A cross-disciplinary collaboration led by Jonathon Schuldt, associate professor of communication at Cornell University, found that a majority of the U.S. public is supportive of soil as a climate change mitigation strategy, particularly when that and similar approaches are seen as “natural” strategies.

“To me, that psychology part—that’s really interesting,” Schuldt said. “What would lead people, especially if they’re unfamiliar with these different strategies, to support one more than the other? Our study and others suggest that a big part of it is whether people see it as natural.”

The group’s paper, “Perceptions of Naturalness Predict U.S. Public Support for Soil Carbon Storage as a Climate Solution,” published May 26 in the journal Climatic Change. Co-authors include Johannes Lehmann, the Liberty Hyde Bailey Professor in the School of Integrative Plant Science (SIPS), Soil and Crop Sciences Section (CALS); Dominic Woolf, senior research associate in SIPS; Shannan Sweet, postdoctoral associate in the Lehmann Lab; and Deborah Bossio of the Nature Conservancy.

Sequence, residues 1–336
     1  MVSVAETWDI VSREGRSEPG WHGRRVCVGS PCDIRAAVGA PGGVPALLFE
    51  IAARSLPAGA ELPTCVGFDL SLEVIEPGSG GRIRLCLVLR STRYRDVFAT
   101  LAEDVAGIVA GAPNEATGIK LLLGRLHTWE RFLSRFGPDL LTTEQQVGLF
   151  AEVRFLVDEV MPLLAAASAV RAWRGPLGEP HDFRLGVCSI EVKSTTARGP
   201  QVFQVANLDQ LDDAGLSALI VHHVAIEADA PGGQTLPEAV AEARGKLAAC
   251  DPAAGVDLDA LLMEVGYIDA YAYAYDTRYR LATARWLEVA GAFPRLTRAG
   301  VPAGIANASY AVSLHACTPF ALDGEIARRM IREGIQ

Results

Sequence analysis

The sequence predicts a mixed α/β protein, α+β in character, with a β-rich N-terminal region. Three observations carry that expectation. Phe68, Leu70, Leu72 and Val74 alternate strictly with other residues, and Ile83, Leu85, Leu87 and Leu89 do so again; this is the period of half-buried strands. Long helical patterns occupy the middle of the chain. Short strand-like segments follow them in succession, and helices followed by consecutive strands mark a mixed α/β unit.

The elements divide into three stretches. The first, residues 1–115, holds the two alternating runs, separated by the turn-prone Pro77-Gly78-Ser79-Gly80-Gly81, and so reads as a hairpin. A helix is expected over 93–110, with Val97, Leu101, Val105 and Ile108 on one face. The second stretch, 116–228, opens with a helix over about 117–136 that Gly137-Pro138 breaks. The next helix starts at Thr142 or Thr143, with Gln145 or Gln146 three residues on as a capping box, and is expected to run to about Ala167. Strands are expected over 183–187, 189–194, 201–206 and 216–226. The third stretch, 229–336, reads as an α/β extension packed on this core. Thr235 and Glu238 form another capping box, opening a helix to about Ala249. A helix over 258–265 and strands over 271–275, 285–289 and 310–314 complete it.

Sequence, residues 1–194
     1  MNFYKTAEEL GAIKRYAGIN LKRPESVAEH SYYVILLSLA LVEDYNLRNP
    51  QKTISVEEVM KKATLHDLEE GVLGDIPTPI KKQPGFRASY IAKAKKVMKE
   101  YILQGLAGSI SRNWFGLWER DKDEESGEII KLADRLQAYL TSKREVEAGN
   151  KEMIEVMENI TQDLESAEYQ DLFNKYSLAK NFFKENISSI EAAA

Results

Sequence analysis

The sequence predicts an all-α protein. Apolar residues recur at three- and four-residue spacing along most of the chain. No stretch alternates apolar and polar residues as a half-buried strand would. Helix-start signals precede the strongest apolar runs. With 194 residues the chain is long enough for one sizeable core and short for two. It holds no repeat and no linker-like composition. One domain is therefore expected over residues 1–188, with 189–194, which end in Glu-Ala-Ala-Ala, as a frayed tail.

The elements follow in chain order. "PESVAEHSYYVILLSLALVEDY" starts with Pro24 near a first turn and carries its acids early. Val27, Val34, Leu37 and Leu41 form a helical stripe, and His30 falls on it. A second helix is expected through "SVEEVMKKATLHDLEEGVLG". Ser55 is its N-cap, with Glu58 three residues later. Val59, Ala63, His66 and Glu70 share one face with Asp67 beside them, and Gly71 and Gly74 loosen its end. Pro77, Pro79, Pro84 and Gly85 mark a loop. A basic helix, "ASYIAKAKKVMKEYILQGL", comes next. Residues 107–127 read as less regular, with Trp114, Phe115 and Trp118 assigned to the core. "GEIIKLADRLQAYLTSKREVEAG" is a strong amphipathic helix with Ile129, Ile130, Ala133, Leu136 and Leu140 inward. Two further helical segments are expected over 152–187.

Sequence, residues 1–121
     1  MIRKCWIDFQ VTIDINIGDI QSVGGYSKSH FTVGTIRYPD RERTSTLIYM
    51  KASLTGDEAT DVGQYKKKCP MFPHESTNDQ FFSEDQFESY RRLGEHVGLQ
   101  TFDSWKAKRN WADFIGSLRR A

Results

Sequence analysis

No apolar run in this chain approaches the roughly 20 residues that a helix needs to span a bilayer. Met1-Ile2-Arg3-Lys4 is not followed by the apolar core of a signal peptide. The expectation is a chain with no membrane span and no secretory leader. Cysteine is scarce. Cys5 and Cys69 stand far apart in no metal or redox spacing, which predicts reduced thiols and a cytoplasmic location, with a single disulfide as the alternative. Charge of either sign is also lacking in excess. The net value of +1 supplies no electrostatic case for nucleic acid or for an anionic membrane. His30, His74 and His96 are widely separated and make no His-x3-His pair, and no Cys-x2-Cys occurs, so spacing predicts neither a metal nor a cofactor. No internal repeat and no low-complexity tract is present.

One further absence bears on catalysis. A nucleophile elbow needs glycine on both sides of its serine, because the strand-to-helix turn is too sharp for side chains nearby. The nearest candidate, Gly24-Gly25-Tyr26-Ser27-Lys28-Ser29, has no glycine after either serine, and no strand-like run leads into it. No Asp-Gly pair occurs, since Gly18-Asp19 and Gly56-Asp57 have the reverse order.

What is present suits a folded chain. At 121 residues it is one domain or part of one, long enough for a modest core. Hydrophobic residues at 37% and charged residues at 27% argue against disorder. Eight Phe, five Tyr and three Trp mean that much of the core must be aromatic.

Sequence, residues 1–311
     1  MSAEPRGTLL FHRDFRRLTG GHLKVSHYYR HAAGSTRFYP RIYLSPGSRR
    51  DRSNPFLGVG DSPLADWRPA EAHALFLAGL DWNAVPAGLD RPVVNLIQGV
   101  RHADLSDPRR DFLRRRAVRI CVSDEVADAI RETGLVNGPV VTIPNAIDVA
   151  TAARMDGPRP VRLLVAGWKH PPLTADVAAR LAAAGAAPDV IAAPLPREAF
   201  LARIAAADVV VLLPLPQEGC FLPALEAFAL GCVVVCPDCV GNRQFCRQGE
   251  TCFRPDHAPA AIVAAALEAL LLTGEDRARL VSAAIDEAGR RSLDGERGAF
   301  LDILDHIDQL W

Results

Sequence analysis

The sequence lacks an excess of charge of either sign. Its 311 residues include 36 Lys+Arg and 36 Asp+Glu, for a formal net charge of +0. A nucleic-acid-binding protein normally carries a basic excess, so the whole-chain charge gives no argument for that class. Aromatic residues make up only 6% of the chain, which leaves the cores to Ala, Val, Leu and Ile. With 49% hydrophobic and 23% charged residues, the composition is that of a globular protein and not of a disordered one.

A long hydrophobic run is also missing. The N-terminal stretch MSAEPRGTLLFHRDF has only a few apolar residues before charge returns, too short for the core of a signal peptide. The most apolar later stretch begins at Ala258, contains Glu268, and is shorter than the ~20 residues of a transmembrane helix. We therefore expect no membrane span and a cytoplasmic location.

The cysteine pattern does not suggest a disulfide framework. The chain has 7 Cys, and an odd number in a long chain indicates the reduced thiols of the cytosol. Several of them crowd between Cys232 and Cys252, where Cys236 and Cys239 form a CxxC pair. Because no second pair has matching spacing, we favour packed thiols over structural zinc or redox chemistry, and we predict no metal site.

Schuldt’s team analyzed results from a survey of 1,222 U.S. adults who reported believing in climate change at least “somewhat,” to estimate for soil carbon storage and how it compares to other leading carbon dioxide removal strategies.

Mitigation strategies—solar and , electric vehicles and sustainable land use and biodiversity, to name a few—are already capturing much attention as the world grapples with rising temperatures, melting ice caps and increasingly violent weather events.